Evidence of Altered Brain Sexual Differentiation in Mice Exposed Perinatally to Low, Environmentally Relevant Levels of Bisphenol A


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Evidence of Altered Brain Sexual Differentiation in Mice Exposed Perinatally to Low, Environmentally Relevant Levels of Bisphenol A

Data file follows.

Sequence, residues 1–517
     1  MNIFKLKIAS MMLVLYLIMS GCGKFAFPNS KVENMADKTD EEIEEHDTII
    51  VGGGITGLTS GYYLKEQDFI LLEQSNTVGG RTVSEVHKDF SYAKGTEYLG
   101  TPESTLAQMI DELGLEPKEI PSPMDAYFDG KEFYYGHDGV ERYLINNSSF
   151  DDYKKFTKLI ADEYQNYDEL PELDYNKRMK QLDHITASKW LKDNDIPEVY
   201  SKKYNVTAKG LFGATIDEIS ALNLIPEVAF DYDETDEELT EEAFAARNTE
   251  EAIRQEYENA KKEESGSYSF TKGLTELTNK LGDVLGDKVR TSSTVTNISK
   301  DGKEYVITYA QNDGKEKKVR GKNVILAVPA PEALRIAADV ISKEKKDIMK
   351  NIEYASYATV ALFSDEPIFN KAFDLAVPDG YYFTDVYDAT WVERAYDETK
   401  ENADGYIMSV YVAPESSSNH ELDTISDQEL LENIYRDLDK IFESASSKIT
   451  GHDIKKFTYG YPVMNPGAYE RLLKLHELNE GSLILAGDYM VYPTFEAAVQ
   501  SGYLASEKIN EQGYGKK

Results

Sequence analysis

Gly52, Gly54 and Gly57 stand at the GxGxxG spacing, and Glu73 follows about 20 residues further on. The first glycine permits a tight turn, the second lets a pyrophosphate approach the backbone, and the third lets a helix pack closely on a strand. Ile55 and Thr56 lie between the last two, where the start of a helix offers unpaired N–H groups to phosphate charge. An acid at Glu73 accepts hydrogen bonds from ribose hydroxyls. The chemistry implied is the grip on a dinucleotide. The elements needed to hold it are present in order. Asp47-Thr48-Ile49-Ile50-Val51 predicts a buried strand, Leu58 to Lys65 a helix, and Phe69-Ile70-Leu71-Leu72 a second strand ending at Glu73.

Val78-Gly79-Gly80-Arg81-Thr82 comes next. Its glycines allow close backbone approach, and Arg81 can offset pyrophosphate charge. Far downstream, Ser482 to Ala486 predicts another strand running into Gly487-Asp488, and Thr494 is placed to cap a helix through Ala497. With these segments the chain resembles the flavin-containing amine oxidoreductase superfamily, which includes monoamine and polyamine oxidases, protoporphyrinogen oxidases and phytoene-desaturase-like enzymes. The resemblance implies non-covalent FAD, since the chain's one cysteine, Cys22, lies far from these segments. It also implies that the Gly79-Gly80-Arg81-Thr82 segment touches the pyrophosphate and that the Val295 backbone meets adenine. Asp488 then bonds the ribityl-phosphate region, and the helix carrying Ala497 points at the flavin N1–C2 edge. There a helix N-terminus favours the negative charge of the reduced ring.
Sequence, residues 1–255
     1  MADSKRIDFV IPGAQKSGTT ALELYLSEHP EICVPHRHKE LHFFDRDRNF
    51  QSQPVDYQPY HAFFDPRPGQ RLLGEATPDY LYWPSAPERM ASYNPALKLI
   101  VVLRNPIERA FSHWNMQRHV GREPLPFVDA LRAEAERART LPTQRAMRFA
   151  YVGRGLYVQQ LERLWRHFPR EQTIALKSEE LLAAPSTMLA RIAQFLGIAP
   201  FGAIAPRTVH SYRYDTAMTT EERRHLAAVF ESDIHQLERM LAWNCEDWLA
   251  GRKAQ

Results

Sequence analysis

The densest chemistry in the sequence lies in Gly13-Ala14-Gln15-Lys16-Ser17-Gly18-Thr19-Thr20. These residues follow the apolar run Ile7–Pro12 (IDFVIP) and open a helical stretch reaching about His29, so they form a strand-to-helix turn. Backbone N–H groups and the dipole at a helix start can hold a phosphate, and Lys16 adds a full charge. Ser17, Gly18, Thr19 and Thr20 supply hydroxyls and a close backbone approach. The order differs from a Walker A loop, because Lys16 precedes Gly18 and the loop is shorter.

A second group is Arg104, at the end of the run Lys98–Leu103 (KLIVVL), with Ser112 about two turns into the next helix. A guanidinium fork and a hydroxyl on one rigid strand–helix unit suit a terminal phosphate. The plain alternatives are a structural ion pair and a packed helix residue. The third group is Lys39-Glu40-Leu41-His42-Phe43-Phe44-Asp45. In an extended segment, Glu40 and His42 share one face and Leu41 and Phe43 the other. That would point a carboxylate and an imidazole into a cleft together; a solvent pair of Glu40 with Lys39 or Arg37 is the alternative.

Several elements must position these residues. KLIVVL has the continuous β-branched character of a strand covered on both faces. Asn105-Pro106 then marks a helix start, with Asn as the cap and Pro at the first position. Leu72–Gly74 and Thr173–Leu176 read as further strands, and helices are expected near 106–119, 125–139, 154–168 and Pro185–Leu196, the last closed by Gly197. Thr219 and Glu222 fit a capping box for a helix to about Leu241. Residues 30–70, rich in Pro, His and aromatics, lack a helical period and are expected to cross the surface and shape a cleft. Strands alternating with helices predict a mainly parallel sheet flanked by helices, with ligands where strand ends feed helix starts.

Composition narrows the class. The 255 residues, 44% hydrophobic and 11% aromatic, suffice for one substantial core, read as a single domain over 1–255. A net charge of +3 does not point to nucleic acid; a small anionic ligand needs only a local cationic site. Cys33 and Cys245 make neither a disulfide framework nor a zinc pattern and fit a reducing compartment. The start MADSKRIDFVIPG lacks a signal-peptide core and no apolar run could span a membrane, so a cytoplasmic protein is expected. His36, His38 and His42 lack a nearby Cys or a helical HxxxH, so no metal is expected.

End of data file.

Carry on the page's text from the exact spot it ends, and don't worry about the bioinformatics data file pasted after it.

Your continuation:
Evidence of Altered Brain Sexual Differentiation in MiceExposed Perinatally to Low, Environmentally RelevantLevels of Bisphenol A  Beverly S. Rubin, Jenny R. Lenkowski, Cheryl M. Schaeberle, Laura N. Vandenberg, Paul M. Ronsheim,and Ana M. Soto Tufts University, School of Medicine, Boston, Massachusetts 02111 Humans are routinely exposed to bisphenol A (BPA), an es-trogenic chemical present in food and beverage containers,dental composites, and many products in the home and work-place. BPA binds both classical nuclear estrogen receptorsand facilitates membrane-initiated estrogenic effects. Herewe explore the ability of environmentally relevant exposureto BPA to affect anatomical and functional measures of braindevelopmentandsexualdifferentiation.Anatomicalevidenceof alterations in brain sexual differentiation were examinedin male and female offspring born to mouse dams exposed to0, 25, or 250 ng BPA/kg body weight per day from the evening of d 8 of gestation through d 16 of lactation. These studiesexamined the sexually dimorphic population of tyrosine hy-droxylase (TH) neurons in the rostral periventricular preop-tic area, an important brain region for estrous cyclicity andestrogen-positive feedback. The significant sex differences inTH neuron number observed in control offspring were dimin-ished or obliterated in offspring exposed to BPA primarilybecause of a decline in TH neuron number in BPA-exposedfemales. As a functional endpoint of BPA action on brain sex-ual differentiation, we examined the effects of perinatal BPA exposure on sexually dimorphic behaviors in the open field.Datafromthesestudiesrevealedsignificantsexdifferencesinthe vehicle-exposed offspring that were not observed in theBPA-exposed offspring. These data indicate that BPA may becapableofalteringimportanteventsduringcriticalperiodsof brain development. (  Endocrinology  147: 3681–3691, 2006) B ISPHENOL A (BPA) is an environmental estrogenicchemical that has been attracting increased attention because of its high potential for human exposure. BPA isusedinthemanufactureofpolycarbonateplasticsandepoxyresins, and it has been shown to leach from food and bev-eragecontainers(1,2)anddentalsealantsandcomposites(3)under normal conditions of use (4). BPA is also used in themanufacture of many other products present in the homeandworkplace(5)thatwouldbeexpectedtofurtherincreaseroutineexposuretothiscompound.Althoughassessmentsof currentexposurelevelsarelimited,severalstudieshavenowconfirmeddetectablelevelsofBPAinhumanpopulations.Ina recent study of a reference human population (394 sub- jects), BPA was detected in 95% of the urine samples ana-lyzed(6).Smallerstudieshavealsoreporteddetectablelevelsof BPA in all or most individuals examined (7–9). Perhapsmost relevant to the studies to follow, BPA has been mea-sured in amniotic fluid, maternal and fetal plasma, and pla-cental tissue at birth (10, 11) and in breast milk of lactatingmothers(12).Thesedataindicatetheveryrealpossibilitythatthe developing human fetus and neonate may be exposed toBPA.Results of animal studies in our laboratory and othersindicate that the developing fetus is more sensitive to BPArelative to the adult (13, 14), a finding that may reflect thelimitedcapacityofthefetustometabolizeBPArelativetotheadult (10, 15–17). The exposure of pregnant female rodentsto low doses of BPA results in pleiotropic effects in theoffspring.Manyofthedefectsthathavebeendescribedoccurlong after BPA exposure has ended. We have reported al-terations in body weight, mammary gland development,reproductive tract tissue, gonadotropin levels, and estrouscyclicity in offspring exposed perinatally to BPA (13, 14,18–20). Other laboratories have reported effects of prenatalexposure to low doses of BPA on the prostate, preputialglands, and epididymis in males (21, 22) and on the time of vaginal opening and the time from vaginal opening to firstestrus in females (23). In addition, behavioral alterationshave been reported in offspring born to rodents treated withBPAduringgestationand/orlactation(24–32).Inthestudiesto follow, we have examined the offspring of pregnant miceexposed from the evening of d 8 of pregnancy through d 16of lactation to vehicle or to one of two doses of BPA thatshould fall within the range of potential human environ-mental exposure (7).BPA is an estrogen agonist that can bind to both classicalnuclear estrogen receptors (ERs), ER   and ER   (33, 34). Inaddition, data from recent studies have revealed that lowlevels of BPA can induce rapid, membrane-initiated estro-genic effects (35, 36), suggesting that low levels of BPA ex-posuremightinterferewithnormalestrogenicsignaling.Thedeveloping brain is exquisitely sensitive to estrogen andtherefore might be particularly vulnerable to xenoestrogenexposure. Various mechanisms facilitate precise temporal First Published Online May 4, 2006 Abbreviations: Afp,   -Fetoprotein; AVPV, anteroventral periven-tricular preoptic area; BPA, bisphenol A; BST, bed nucleus of the striaterminalis; BW, body weight; ER, estrogen receptor; ERKO, estrogenreceptor knockout; TH, tyrosine hydroxylase. Endocrinology ispublishedmonthlybyTheEndocrineSociety(http:// www.endo-society.org), the foremost professional society serving theendocrine community. 0013-7227/06/$15.00/0 Endocrinology 147(8):3681–3691  Printed in U.S.A.  Copyright © 2006 by The Endocrine Societydoi: 10.1210/en.2006-0189 3681  and spatial control of estrogen action during critical periodsof brain development (37). These include the transient ex-pression of both estrogen receptors and aromatizing en-zymes that correspond to transient increases in testosteroneproduction in the developing male. In rodents and otheranimal models, numerous studies have documented thattestosterone secreted by the testes in the developing male isconverted to estradiol  in situ  by aromatase, which is presentin specific brain regions during critical periods of perinataldevelopment. This conversion of testosterone to estradiolplays an important role in the sexual differentiation of the brain (for review see Refs. 37 and 38). Unlike the testes, theovaries of the developing female rodent are quiescent peri-natally (39). Recent data have verified the importance of   -fetoprotein(Afp)inprotectingthebrainofthefemalefetusfrom defeminization or masculinization by binding circulat-ing estradiol from the mother or neighboring male litter-mates (40). Afp, which is abundant during fetal and earlyneonatal life (41, 42), binds estradiol in rodents with highaffinity. Nonsteroidal estrogens, such as BPA, that exhibit aloweraffinityforplasmaestrogen-bindingproteins(43)may be able to evade this protective mechanism.In the present studies, we explore the ability of chroniclow-levelperinatalexposuretoBPAtoaffectanatomicalandfunctional measures of brain development and sexual dif-ferentiation. First, we searched for anatomical evidence of alterations in brain sexual differentiation. For these studies,we concentrated on a prominent sexually dimorphic regionof the brain in the rostral periventricular preoptic area. Theanteroventral periventricular preoptic area (AVPV) is im-portant for cyclic gonadotropin release and for the LH surgerequiredforovulation(44,45).Neuronsinthisregioncontainsexually dimorphic patterns of steroid receptor distribution(46) and peptide expression in rats (47–49). One robust sexdifference that has been observed in the AVPV of both ratsand mice is the sexually dimorphic population of tyrosinehydroxylase (TH) neurons (50–52). TH is the rate-limitingenzyme for dopamine synthesis. The number of TH-positiveneurons in the AVPV is significantly higher in female ratsandmicerelativetomales,andthesexualdimorphismofthispopulation of neurons appears to be dependent on perinatallevels of gonadal steroids (50, 51). Studies of estrogen re-ceptor knockout (ERKO) mice indicate that the significantdecline in TH neuron number in the male AVPV is depen-dent upon the presence of ER   (52). To determine whetherperinatalBPAexposurecanalterarobustanatomicalmarkerof brain sexual differentiation in mice, we compared THneuronnumberintissuesectionsthroughtherostralperiven-tricular preoptic area in male and female littermates born tomothersexposedtoBPAortovehicleonly.Hereinwereporteffects of perinatal BPA exposure on the expected sex dif-ferences in TH neuron number.As a second and functional endpoint of BPA action on brainsexualdifferentiation,weexaminedpotentialeffectsof developmental exposure to BPA on sexually dimorphic be-haviors in the open field. Strain-dependent sex differenceshave been reported in open-field behaviors in rats and mice(53, 54), and data from the majority of studies reveal higherlevels of activity in females relative to males (54–56). Al-though circulating hormones in adulthood can affect these behaviors, differential exposure to gonadal steroids duringthe perinatal period plays an important role in the develop-ment of sexually dimorphic behaviors in the open field (55).More specifically, data from studies of male ERKO micesuggest that masculinization of open-field behavior requiresestrogenactionduringdevelopment(57).Theresultsofthese behavioralstudiesfurthersuggestthatearlyexposuretoBPAmay alter important events during critical periods of braindevelopment in mice and indicate the need for careful studyof the potential effects of developmental exposure to thiscompound in humans. Materials and Methods  Animals Animalsforthesestudiesweremaintainedintemperature-andlight-controlled (14 h light, 10 h dark, lights on at 0400 h) conditions at theTufts–New England Medical Center Animal Facility. The cages and bedding used for housing tested negligible for estrogenicity using theE-SCREEN assay (58). The food (rodent diet 2018; Harlan Teklad, St.Louis,MO)wasextractedandassayedaspreviouslydescribed(58),andit also tested negligible for estrogenicity (20 fmol estradiol equivalents/g). Water was supplied by glass bottles only. All experimental proce-dures were approved by the Tufts University-New England MedicalCenter Animal Research Committee in accordance with the Guide forCare and Use of Laboratory Animals.To generate offspring for these studies, female and male CD-1 micewere purchased (Charles River Laboratories, Wilmington, MA) at 8–10wkofage.Femalebreederswerehousedbetweencagesofbreedermalesfor a minimum of 1 wk after arrival. Two days before introduction of amale into the cage, females were exposed to male bedding to stimulateestrous cyclicity and ovulation. Males were placed in the female cages,and the morning on which a vaginal plug was observed was designatedd 1 of pregnancy. On the evening of d 8 of pregnancy, dams wereweighed and implanted sc with Alzet osmotic pumps (Alza Corp., PaloAlto, CA) that were designed to deliver either 50% dimethylsulfoxide(vehicle control) or BPA dissolved in 50% dimethylsulfoxide at the rateof 25 ng or 250 ng BPA/kg body weight (BW) per day (Sigma ChemicalCo., St. Louis, MO) throughout the remainder of the pregnancy andthrough d 16 of lactation. Dams were allowed to deliver naturally, andthe litters were culled to eight pups per mother (four males and fourfemales) 1 d after birth. Litters were weaned on postnatal d 22–24. Onlylitters with normal distributions of males and females were included inthese studies. The average number of pups and mean percentageof female pups in each litter examined in these studies are shown inTable 1.Vehicle-exposed and BPA-exposed offspring for anatomical studieswere examined before puberty (22–24 d). For behavioral studies, off-spring were initially examined at 6–9 wk of age. However, because of concerns regarding potential effects of differences in circulating hor-mone levels in postpubertal animals, additional offspring were exam-ined before puberty (27–29 d of age). It should be noted that vaginalsmear records from our colony indicate that 6- to 9-wk-old group-housed females do not exhibit regular 4- to 5-d estrous cycles (Rubin,B. S., and A. M. Soto, unpublished data). This observation probablyreflects the importance of pheromones to the maintenance of regular TABLE 1.  Composition of the litters used for the studiesdescribed BPA treatmentMean no. of pupsper litterProportion of femalepups per litter Control 12.17  0.58 0.591  0.02625 ng 11.30  0.423 0.524  0.052250 ng 11.27  0.506 0.524  0.034No significant differences were noted between any experimentalgrouprelativetothecontrols.Alllitterswereculledtoeightpups(fourmales and four females) 1 d after birth. 3682  Endocrinology, August 2006, 147(8):3681–3691 Rubin  et al.  • BPA Alters Brain Sexual Differentiation  estrouscyclicityinmice,whichisenhancedbyexposuretomalesormaleurine and can be suppressed by exposure to other females (59–61). TH neuron number Tissue preparation.  Two male and two female littermates from each litterwere killed at 22–24 d of age. Prepubertal animals were chosen forexamination because of evidence of a potential influence of circulatingsteroid levels on TH expression in adult animals (50). Animals wereinjected with an overdose of pentobarbital and perfused intraventricu-larly with heparinized saline followed by a solution containing 4%paraformaldehyde and 3.0% acrolein. Brains were removed from thecalvarium, placed into phosphate buffer, and stored at 4 C. Brains froma matched set of male and female littermates from seven to eight dif-ferentlitterswereanalyzedforeachofthethreeexposurelevels(rangingfrom 0–250 ng BPA/kg BW/d) as detailed above.  Immunocytochemistry protocols Brainswereblocked,and40-  msectionswerecutinthecoronalplaneon a Vibratome (Technical Products International, St. Louis, MO). Sec-tions were collected beginning rostrally at the diagonal band of Brocaandcontinuingcaudallythroughthearcuatenucleus.Consecutivebrainsections were collected into two numbered tissue boats with each boatreceivingeveryothersectionthroughtheregionofinterest,thuslimitingthe number of tissue sections in each boat to facilitate antibody incu- bations.Bothtissueboatsforeachanimalweretreatedidenticallysothatevery section through the areas of interest was available for analysis.After pretreatment to remove residual aldehydes, tissues were rinsed,and free-floating sections were incubated for 48 h at 4 C in anti-THmonoclonal antibody (MAB318; Chemicon, Temecula, CA) diluted at1:5000. Secondary antibody was biotin-SP-conjugated donkey anti-mouse (no. 715-066-151; Jackson ImmunoResearch, West Grove, PA).DetectionwascompletedwithVectastainABCreagent(PK-4000;VectorLaboratories, Burlingame, CA) and diaminobenzidine. A total of sevenchemistries were performed, and each immunocytochemistry run in-cluded tissues from matched male and female littermates from thedifferent treatment groups.  Data analysis Tissue sections through the AVPV were identified using the MouseBrain Atlas of Paxinos and Franklin (62) as a guide to define the pa-rameters of the region of interest. The region analyzed corresponds tothatidentifiedastheAVPVinFigures26–30intheatlasandisindicated by the  shaded areas  in Fig. 1. As depicted, this region extends frominteraural 4.42 mm to interaural 3.94 mm, with the consecutive sectionsexaminedbeginningrostrallyattheleveloftheorganumvasculosumof the lamina terminalis and extending caudally to the level just before thecrossing of the anterior commissure. TH neurons were identified usinga Zeiss Axioscope (  10 and   40 objectives), and counted by threedifferentobserversblindtothesexandtreatmentgroupsoftheanimals. F IG . 1. Sections through the rostral preoptic area. The drawings depicted were adapted from the Mouse Brain Atlas by Paxinos and Franklin(62), and the AVPV, as defined by the atlas, appears  shaded . As shown, these drawings span the region extending from interaural 4.42 mmrostrally through interaural 3.94 mm caudally. Actual tissue sections through most (nine of 11) of the rostral-caudal extent of the AVPV fromone representative female in the study are also shown below the adapted atlas diagrams. The tissue sections depicted here span an areabeginningintherostralAVPVthroughtheregionbeforethecrossingoftheanteriorcommissure.3V,Thirdventricle;aca,anteriorcommissure; VOLT, organum vasculosum of the lamina terminalis; MPA, medial preoptic area; MnPO, medial preoptic nucleus. Rubin  et al.  • BPA Alters Brain Sexual Differentiation Endocrinology, August 2006, 147(8):3681–3691  3683  BecausethetotalnumberofsectionsthroughtheAVPVwasnotidenticalfor all animals in the study, TH neuron number was also assessed inseven consecutive sections extending from the caudal AVPV (rostral tothe level of the crossing of the anterior commissure) through the mid-regionoftheAVPVrostrallyineachanimal.THneuronnumberwasalsoassessed in two matched sections through the arcuate nucleus of thehypothalamus.  Behavioral studies Open-field test at 6–9 wk of age.  At 6–9 wk of age, male and femaleoffspring of pregnant dams treated with 0, 25, or 250 ng BPA/kg BW/dwere observed in a novel open field. The open-field apparatus was alargeplastictubmeasuring16  24incheswithawallheightof11inches.The floor of the tub was divided into squares to facilitate behavioralmeasurements. The apparatus was carefully cleaned with ethanol,rinsed with water, and then dried after each behavioral test. Two iden-tical open fields were available for testing and were rotated during thetesting period. All behavioral tests were conducted in the same room atthe same time of day (1200–1400 h) and were scored by three observers.Beforethestartofdatacollection,3dofbehavioraltestswereconductedwithanadditionalcohortofanimalstofamiliarizetheobserverswiththe behaviors to be recorded and to standardize the scoring of behaviors. Atotal of 94 animals were tested in the open field, including 14–17 malesandfemalesfromeachofthethreetreatmentgroups.Onlyasinglemaleand female from each litter were examined in these studies to eliminatepotential litter effects. At the start of each test, the mouse was carefullyplaced into the center of the open field and his/her movements wererecorded over the next 5 min. Measurements included number of rears,time spent in center, time stopped, time grooming, and number of fecalpellets. Initial attempts to score the number of squares entered to assessdistance traveled in a given testing period were abandoned because theanimals moved too quickly to obtain accurate numbers without digitalrecordings. Open-field tests in prepubertal animals.  Additional open-field tests wereperformed in younger prepubertal animals at 27–29 d of age. Theseanimals were examined before vaginal opening and before the estab-lishment of adult gonadal hormone levels. For these studies, controloffspring (n  10 animals per sex) and offspring born to females treatedwith 250 ng BPA/kg BW/d (n    12 animals per sex) were examined.Animals were tested in the open field as described above with onechange to the protocol. Because the prepubertal animals were veryactive, we chose to detain each subject in the center of the open fieldcovered by the transfer beaker for a period of 5 sec before the start of the test to facilitate accurate scoring of behaviors. This method has beenused by other laboratories. Unfortunately, this procedural change mayhave influenced the time-in-center measurement such that this param-eter was not comparable in the two age groups examined.  Statistics The data were analyzed using both parametric and nonparametricstatistics. Both showed similar significant differences. The parametricanalyses are presented, and the data are graphed as mean  sem . Theanatomical data and the behavioral data from the 6- to 9-wk animalswere analyzed by two-way ANOVA with sex and BPA as the twoparameters. Planned comparisons of male and female offspring fromeach treatment group were evaluated by  t  tests, and planned same-sexcomparisons across treatment groups were assessed by ANOVA fol-lowed by Bonferroni  post hoc  tests. Because the behavioral data for theprepubertal animals contained only a single BPA dose, planned com-parisons of male and female offspring in the control and BPA-exposedgroup and same-sex comparisons across the two treatment groups wereanalyzed by  t  tests. Results TH neuron number in control and BPA-exposed offspring  MeannumberoftissuesectionsthroughtheAVPV. Comparisonsof the total number of tissue sections through the AVPV(based on the delineation of this region in the Paxinos andFranklin atlas and independent of the presence or absence of TH neurons) by two-way ANOVA revealed overall signifi-cance ( P  0.039) and a significant interaction between vari-ables (sex  BPA,  P  0.014). The number of tissue sectionsdiffered significantly in male and female offspring born tovehicle-treated mothers ( P  0.003,  t  test; see Fig. 2 ) . Tissuesection number did not differ significantly in male and fe-maleoffspringfromeitheroftheBPA-exposedgroups.Thesedata are consistent with an increase in the rostral-caudalextent of the AVPV in control females relative to controlmales and a loss of this sex difference in offspring of BPA-treated dams. Comparison of tissue section number by sexacrosstreatmentgroupsrevealedadifferenceinfemales( P  0.020, ANOVA), and  post hoc  analysis revealed significantdifferencesbetweencontrolfemalesandthoseexposedto250ng BPA ( P  0.023, Bonferroni). TH-positive cell number.  Analysis (two-way ANOVA) of totalTH cell number revealed an overall significance ( P  0.001)and differences by sex ( P    0.001), BPA ( P    0.020), andBPA  sex ( P  0.014). Subsequent analyses ( t  test) revealedthat the total number of TH-positive neurons counted insections through the AVPV differ in male and female off-spring born to vehicle-treated mothers ( P    0.001; controlmale TH neuron number  46% of control females; see Figs.3 and 4) and to mothers exposed to the lowest dose of BPA,25 ng/kg BW/d ( P  0.024; male TH neuron number  65%of females). No significant sex differences were observed inoffspringexposedto250ngBPA/kgBW/d(maleTHneuronnumber  80%offemales).Moreover,comparisonoffemalesacross treatment groups was significant ( P    0.005,ANOVA), and  post hoc  analysis revealed that females ex-posed to the higher dose of BPA exhibited a significant de-crease in the total number of TH-positive cells relative tocontrol females ( P  0.004, Bonferroni). Females exposed tothe low dose of BPA revealed a 24% decrease in TH neuronnumberandthoseexposedtothehigherdoserevealeda41% F IG . 2. Number of sections through the AVPV. The average numberof 40-  m tissue sections through the AVPV are shown here for eachtreatment group.  Solid bars  represent mean (  SEM ) female values(n  7–8 per treatment), and  gray bars  represent mean (  SEM ) male values(n  7–8pertreatment).Asignificantsexdifferenceinsectionnumberisobservedonlyincontroloffspring(**,  P  0.003,female vs. male), and the number of sections were decreased in female offspring exposed to the higher dose of BPA relative to controls (*,  P  0.020).Thex-axislabelreferstothelevelofBPAexposureofthemothers(perkg BW per day). 3684  Endocrinology, August 2006, 147(8):3681–3691 Rubin  et al.  • BPA Alters Brain Sexual Differentiation  decline in TH neuron number relative to controls. No sig-nificant differences in TH cell number were noted acrosstreatment groups in the males.Measurements of total cell counts included assessment of TH neurons in every section through the AVPV in eachanimal and therefore did not include equal numbers of sec-tions from every brain. When TH-positive cell counts wererestrictedtosevenconsecutivesectionsthroughtheAVPVof eachbrain(beginningcaudallyjustbeforethecrossingoftheanterior commissure and extending rostrally through themidregion of the AVPV), analysis (two-way ANOVA) re-vealed overall significance ( P    0.001) and significant dif-ferences by sex ( P  0.001) and by BPA ( P  0.032). Addi-tional analyses revealed significant sex differences in controloffspring ( P  0.002,  t  test), but not in the offspring born tomotherstreatedwitheitherdoseofBPA(Fig.5A).THneuronnumber differed significantly across treatment groups in fe-males ( P    0.011, ANOVA) and more specifically betweenfemales in the control and 250-ng groups ( P    0.009,Bonferroni).When the data from these seven sections was further di-videdtoassesscellcountsinfoursectionsthroughthemedialaspect of the AVPV (Fig. 5B) and three sections through themore caudal aspect of the AVPV (Fig. 5C), it appeared thatBPAexertedamoreprofoundinfluenceonTH-positiveneu-ron number in the medial part of the nucleus (overall  P   0.004;sex P  0.026;BPA P  0.033;andsex  BPA P  0.040,two-way ANOVA). A robust sex difference in TH neuronnumber was noted in the mid-AVPV in the control group( P  0.001, t test)butnotineitheroftheBPA-exposedgroups.Same-sex comparisons across treatment groups revealed asignificant difference in the females ( P    0.012, ANOVA),and  post hoc  tests revealed that TH neuron number wassignificantly decreased in females born to mothers treatedwith the 250-ng dose of BPA relative to controls ( P  0.010,Bonferroni). Comparisons of TH-positive neuron number inthe more caudal aspect of the AVPV revealed overall sig-nificance and differences by sex ( P    0.001, two-wayANOVA). Significant sex differences were present in controloffspring ( P    0.001,  t  test) and offspring exposed to thelower dose of BPA ( P  0.005). The sex difference in animalsexposed to 250 ng BPA/kg BW/d approached significance( P  0.059). TH-positive neurons in the arcuate nucleus.  No significant sexdifferences in the number of TH-positive cells per sectionwere observed in the arcuate nucleus of control or BPA-exposedoffspring.Therewerealsonosignificantdifferencesin cell number in BPA-exposed relative to control offspring(see Fig. 6).  Behavioral tests Open-field tests in 6- to 9-wk-old animals.  Male and femaleoffspringborntomothersexposedto0,25,or250ngBPA/kg F IG . 3. Photomicrographs of sections through the rostral periven-tricular preoptic area of control and BPA-exposed mice. TH-positiveneurons are shown in representative sections through the mid AVPV (A) and through the caudal AVPV (B) of female and male offspring born to control dams and born to dams treated with 250 ng BPA/kg BW/d. III V, Third ventricle; OC, optic chiasm.  Bar , 100   m.F IG . 4. Total number of TH-positive neurons in sections though the AVPV. A, Data are shown for offspring born to control dams and offspring born to dams treated with two doses of BPA (mean  SEM ). Significant sex differences are noted in TH neuron number in control offspring (***,  P  0.001) as well as offspring born to dams treated with the lowest dose of BPA (*,  P  0.024). A significant decline in TH neuron numberis noted in 250-ng females relative to controls (**,  P    0.004).  Black bars , females (n    7–8 per treatment);  gray bars , males (n    7–8 pertreatment). B, The mean female to male ratio of the total TH-positive neuron number was calculated for each pair of littermates examined. As shown, control females have approximately twice the number of TH-positive neurons in the AVPV relative to control males, and the femaleto male ratio is markedly reduced with exposure to the higher dose of BPA. The x-axis label refers to the level of BPA exposure of the mothers(per kg BW per day). Rubin  et al.  • BPA Alters Brain Sexual Differentiation Endocrinology, August 2006, 147(8):3681–3691  3685